HSF says that while the Act aims the pledge at mineral right holders, the regulations cast the net far wider, imposing obligations on any contractor, subcontractor, licensee, or any other person conducting mining activities.
“These terms are not defined, so it is difficult to identify who is meant to be bound by the regulations.
“It is critical that all of these concepts are more clearly defined, so that they can be appropriately enforced by the authorities, and also so that mining companies (and anyone else affected) can understand precisely what they are expected to do, and not to do, especially considering the severe penalties imposed for noncompliance.”
The amended Mining Act provides that noncompliance with the integrity pledge constitutes a breach of a company’s mining licence, which could then be withdrawn.
HSF states that the regulations do not set out a procedure for determining whether a mining company has failed to comply, but simply empowers the Mining Commission to conduct investigations at any time, summon information and suspend or revoke licences.
The firm adds that the regulations prescribe more severe penalties than the Act itself. A contravention of the regulations carries a minimum penalty of ten years’ imprisonment or a fine of 100-million Tanzanian Shillings (roughly $44 000), if it takes the form of “malpractice”.
The practices related around corruption are already criminalised and penalised under existing laws. “The inclusion of these penalties in the regulations thus seems otiose, especially considering that ‘malpractice’ is not defined,” says HSF.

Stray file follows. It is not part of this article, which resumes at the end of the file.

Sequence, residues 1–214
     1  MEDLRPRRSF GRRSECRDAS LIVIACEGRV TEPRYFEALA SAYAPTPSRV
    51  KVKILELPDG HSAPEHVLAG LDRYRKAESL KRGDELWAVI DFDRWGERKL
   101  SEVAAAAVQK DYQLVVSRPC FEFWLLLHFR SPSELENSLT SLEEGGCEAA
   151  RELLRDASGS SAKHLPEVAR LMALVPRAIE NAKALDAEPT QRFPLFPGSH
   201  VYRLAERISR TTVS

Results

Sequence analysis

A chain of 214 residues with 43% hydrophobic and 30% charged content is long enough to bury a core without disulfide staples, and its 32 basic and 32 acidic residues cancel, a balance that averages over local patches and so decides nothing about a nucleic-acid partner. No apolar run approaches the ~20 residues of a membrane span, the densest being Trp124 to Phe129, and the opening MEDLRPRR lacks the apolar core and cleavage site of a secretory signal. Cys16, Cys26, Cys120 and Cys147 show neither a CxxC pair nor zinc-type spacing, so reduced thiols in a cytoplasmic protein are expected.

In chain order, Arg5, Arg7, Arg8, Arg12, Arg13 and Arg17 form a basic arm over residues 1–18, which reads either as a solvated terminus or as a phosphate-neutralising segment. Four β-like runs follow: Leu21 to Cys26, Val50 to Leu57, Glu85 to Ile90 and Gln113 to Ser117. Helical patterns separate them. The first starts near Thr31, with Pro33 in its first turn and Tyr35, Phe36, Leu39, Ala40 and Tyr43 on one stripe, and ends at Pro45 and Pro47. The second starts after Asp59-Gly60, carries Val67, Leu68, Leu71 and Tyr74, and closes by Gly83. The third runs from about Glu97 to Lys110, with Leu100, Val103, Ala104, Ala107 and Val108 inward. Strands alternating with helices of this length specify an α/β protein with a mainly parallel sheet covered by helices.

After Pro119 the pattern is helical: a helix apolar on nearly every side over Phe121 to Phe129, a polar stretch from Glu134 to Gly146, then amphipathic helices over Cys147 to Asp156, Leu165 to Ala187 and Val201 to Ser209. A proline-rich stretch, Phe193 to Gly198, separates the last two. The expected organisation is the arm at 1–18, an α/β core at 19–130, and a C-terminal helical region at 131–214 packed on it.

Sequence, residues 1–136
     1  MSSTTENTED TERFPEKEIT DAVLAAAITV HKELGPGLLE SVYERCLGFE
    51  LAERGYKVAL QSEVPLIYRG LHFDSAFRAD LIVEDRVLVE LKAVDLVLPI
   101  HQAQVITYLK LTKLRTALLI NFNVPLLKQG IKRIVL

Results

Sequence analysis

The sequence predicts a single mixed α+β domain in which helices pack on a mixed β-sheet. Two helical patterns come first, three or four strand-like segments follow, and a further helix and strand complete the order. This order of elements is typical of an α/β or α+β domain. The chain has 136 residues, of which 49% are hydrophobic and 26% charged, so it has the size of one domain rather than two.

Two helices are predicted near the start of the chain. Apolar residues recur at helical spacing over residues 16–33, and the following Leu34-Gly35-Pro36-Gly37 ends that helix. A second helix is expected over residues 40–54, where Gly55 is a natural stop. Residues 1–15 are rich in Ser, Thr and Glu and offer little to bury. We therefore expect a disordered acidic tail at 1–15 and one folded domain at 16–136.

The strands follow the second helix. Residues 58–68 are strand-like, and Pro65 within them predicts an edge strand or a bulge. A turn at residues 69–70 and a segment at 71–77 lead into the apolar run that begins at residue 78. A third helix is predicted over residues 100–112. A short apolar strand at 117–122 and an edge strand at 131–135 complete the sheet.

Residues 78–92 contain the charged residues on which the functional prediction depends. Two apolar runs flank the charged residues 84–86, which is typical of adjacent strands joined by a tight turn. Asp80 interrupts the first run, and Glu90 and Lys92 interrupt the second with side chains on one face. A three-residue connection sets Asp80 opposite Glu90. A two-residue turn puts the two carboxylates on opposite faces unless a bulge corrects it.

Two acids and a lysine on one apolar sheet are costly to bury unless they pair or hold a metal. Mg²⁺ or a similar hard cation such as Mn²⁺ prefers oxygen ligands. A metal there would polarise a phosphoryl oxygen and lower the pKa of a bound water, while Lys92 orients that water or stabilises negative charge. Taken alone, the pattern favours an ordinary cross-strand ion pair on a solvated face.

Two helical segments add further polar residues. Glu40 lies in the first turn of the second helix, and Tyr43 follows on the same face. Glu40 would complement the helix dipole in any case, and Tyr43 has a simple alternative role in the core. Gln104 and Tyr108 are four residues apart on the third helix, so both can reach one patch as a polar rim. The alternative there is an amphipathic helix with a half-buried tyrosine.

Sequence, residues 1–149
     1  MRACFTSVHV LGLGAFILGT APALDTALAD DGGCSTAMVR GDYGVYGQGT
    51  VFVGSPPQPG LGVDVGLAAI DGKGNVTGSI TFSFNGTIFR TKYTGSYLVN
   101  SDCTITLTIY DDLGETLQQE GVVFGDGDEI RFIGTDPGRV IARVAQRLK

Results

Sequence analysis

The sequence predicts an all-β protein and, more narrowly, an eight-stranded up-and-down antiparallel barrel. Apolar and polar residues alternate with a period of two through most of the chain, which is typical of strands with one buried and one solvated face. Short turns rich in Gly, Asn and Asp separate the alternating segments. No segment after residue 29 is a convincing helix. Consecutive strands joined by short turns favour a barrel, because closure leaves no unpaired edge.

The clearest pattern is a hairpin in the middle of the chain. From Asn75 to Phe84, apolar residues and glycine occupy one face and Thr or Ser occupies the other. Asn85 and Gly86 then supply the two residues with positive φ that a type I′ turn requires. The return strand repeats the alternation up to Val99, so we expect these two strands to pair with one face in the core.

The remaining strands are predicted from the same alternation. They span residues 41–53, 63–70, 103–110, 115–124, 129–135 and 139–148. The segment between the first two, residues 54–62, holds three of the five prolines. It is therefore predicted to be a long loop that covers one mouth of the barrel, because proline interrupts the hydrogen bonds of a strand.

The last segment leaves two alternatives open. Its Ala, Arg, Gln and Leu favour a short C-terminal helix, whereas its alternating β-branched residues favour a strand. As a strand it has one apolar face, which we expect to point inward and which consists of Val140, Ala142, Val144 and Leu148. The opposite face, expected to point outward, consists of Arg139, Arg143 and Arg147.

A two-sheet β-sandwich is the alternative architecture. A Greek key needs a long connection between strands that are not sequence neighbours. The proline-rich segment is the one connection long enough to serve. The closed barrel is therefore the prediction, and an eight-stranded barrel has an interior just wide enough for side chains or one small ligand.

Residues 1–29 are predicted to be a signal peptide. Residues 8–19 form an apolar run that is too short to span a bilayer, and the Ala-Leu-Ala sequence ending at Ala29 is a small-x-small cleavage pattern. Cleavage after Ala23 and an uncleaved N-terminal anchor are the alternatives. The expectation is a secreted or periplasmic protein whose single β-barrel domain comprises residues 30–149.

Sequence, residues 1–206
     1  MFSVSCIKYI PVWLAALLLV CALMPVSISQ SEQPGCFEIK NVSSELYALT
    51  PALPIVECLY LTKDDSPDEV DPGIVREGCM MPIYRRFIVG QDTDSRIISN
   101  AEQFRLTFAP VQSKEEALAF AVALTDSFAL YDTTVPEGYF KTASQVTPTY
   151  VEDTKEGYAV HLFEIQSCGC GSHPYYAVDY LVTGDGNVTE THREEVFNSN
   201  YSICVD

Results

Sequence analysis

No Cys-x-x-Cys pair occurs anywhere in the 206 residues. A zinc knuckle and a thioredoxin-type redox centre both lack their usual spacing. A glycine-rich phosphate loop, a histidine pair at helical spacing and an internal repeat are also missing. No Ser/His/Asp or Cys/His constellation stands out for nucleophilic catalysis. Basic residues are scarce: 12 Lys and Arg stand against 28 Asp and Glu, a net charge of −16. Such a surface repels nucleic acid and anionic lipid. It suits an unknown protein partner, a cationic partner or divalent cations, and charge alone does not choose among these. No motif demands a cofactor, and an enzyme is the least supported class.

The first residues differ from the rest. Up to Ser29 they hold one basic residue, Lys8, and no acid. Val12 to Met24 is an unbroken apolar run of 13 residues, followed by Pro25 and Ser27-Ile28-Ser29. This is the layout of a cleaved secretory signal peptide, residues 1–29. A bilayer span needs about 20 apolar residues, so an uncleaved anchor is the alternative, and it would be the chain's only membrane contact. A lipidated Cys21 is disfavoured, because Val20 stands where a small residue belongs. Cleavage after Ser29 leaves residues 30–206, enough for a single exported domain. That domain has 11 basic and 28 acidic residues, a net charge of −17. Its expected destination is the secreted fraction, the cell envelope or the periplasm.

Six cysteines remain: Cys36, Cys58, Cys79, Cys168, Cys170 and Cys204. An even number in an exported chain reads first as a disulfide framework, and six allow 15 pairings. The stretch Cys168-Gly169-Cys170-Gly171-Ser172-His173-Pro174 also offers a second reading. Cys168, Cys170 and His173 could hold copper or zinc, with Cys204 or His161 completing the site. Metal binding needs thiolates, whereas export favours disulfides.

It also appears to exceed the authority conferred on the Minister by the Mining Act, which limits the penalties that may be imposed for a breach of any regulations to a maximum of 12 months’ imprisonment or a fine of two-million Tanzanian shillings.
“The penalties of licence revocation and property “takeover” (without due process) undermine security of tenure, which is key to investment in the mining sector. Additionally, the prospect of criminal prosecution and punishment, for undefined malpractices, may well exert a chilling effect on investment,” says HSF.
HSF recommends that the Tanzanian government rather hold mining companies to their existing commitments, such as to the International Council of Mining and Metals and the Extractive Industries Transparency Initiative, of which Tanzania has been a member sine 2009.
Alternatively, the government could look to the guidance of the African Minerals Development Centre and enter into an “African Mining Vision Private Sector Compact” with individual mining companies or with the Chamber of Minerals and Energy.
The compact comprises 12 reciprocal commitments, aimed at balancing the State’s development priorities with the industry’s commercial needs.
“By contrast, the regulations’ imposition of unilateral and open-ended obligations, on pain of criminal punishment, does not appear to strike an appropriate balance, rather, the regulations increase costs and complexity both for the government and the mining industry, and are likely to deter investment.
“A more effective approach would be to build on the existing frameworks of international best practice,” remarks HSF.